Princess Anne details late Prince Philip’s ‘important perspective’ for Duke’s birthday
Princess Anne ‘deeply respected’ says expert
When you subscribe we will use the information you provide to send you these newsletters. Sometimes they’ll include recommendations for other related newsletters or services we offer. Our Privacy Notice explains more about how we use your data, and your rights. You can unsubscribe at any time.
The Duke of Edinburgh died aged 99 in April and was the longest serving British consort. Prince Philip would have celebrated his 100th birthday on Thursday.
In an interview with ITV, Princess Anne said: “We all have to move on but it’s important to remember.”
The Princess Royal spoke to the broadcaster from her country home at Gatcombe Park in Gloucestershire.
Princess Anne mentioned how her late father had left his mark on a number of causes.
She said: “There were not many people who understood just how broad his interests were and how supportive he was to an astonishingly wide range of organisations. His perspective was really important.”
The princess added how the Duke’s “life experiences” made him an inquisitive person.
She continued: “I think your life experience makes a huge impact.
“He’d seen a lot of it and across a really wide area of both work and industry and in academia.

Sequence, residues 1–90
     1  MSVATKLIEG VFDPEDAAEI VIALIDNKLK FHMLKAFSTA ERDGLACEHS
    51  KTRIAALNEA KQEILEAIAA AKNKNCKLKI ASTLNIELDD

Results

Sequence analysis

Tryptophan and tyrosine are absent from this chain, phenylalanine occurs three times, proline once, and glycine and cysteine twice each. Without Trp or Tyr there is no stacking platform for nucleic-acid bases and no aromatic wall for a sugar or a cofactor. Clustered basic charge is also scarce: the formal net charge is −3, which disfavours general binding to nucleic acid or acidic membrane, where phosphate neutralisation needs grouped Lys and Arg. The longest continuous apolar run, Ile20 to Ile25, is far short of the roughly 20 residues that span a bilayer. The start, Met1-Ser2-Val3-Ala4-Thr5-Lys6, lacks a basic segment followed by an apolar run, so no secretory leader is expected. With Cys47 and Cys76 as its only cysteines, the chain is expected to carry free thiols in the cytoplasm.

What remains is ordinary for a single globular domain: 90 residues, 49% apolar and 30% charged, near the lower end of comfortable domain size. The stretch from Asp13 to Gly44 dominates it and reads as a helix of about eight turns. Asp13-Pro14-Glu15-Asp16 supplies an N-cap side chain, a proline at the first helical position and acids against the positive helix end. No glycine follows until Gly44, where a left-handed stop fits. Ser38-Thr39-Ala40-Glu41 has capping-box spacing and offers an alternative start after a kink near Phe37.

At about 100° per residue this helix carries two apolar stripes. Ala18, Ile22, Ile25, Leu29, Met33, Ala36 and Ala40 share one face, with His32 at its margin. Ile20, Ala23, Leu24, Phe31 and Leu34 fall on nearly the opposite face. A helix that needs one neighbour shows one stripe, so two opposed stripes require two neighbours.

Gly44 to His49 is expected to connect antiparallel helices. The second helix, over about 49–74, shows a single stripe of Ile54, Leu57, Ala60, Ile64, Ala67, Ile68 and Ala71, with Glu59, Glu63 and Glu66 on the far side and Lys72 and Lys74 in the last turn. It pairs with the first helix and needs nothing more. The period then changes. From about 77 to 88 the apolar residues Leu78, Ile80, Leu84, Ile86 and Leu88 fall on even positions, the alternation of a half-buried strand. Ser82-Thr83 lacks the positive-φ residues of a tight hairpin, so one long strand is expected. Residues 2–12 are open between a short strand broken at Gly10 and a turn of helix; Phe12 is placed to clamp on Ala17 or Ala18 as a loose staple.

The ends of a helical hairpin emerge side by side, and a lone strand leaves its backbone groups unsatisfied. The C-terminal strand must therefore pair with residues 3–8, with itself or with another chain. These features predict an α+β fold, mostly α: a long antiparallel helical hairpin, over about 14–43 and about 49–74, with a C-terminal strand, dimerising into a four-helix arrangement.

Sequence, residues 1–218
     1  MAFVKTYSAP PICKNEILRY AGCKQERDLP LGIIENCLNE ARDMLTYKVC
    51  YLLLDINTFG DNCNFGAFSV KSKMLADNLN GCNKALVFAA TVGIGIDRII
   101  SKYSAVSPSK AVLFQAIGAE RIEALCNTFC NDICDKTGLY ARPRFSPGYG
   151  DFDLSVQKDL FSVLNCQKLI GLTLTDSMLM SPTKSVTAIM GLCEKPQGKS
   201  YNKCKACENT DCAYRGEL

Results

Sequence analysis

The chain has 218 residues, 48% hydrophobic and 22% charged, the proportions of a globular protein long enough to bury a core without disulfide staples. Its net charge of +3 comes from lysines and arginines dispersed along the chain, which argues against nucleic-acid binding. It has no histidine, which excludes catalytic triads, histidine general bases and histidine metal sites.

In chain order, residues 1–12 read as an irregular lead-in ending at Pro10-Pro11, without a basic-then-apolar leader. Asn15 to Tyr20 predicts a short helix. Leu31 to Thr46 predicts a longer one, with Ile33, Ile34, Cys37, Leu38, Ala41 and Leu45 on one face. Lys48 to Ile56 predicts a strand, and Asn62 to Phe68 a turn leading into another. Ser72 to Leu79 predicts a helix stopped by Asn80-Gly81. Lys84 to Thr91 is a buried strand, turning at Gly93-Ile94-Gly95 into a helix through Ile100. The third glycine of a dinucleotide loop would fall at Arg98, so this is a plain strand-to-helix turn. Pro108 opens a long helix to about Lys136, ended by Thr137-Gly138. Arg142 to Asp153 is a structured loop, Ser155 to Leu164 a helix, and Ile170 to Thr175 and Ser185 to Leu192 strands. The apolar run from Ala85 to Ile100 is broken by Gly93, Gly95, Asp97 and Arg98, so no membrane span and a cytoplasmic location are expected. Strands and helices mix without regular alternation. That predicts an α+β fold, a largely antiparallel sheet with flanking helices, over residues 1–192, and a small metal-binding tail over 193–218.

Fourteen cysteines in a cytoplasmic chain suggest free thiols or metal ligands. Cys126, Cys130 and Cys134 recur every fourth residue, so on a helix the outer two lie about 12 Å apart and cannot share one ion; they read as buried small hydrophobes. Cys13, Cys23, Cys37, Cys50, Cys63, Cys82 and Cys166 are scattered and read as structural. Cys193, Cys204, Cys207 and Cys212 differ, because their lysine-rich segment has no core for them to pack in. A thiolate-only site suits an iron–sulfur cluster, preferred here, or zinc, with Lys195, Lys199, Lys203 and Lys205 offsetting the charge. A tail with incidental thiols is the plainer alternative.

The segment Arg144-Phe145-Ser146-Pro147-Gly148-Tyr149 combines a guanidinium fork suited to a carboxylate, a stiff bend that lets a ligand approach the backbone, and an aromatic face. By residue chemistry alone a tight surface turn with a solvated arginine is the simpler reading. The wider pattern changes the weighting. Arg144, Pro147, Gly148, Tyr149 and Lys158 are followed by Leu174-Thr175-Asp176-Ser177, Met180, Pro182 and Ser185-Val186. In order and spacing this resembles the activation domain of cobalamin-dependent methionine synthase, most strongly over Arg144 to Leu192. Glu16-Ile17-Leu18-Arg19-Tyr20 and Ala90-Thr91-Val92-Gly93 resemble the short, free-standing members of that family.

“He probably asked more questions than he gave opinions. He was always good at that.”
Royal Family Live: Meghan shamed by own family in anonymous jab [LIVE]
Prince Philip’s friend says he was ‘heartbroken’ over family drama [INSIGHT]
Prince Philip wrote touching letter to nephew shortly before death [UPDATE]
Princess Anne was presenting an award for engineering at the time of the interview.
The medal is named after her father and reflects their shared passion for the subject.
According to ITV, the Royal Academy of Engineering had been planning to issue a special centenary award of The Prince Philip Medal to mark his birthday.
The medal recognises an individual’s contribution to engineering and has been awarded to a female for the first time in its 30-year history.
The Princess Royal presented the award to Dr Gladys West to honour how her work modelling the earth’s surface led to the development of GPS satellite positioning.
Source: Read Full Article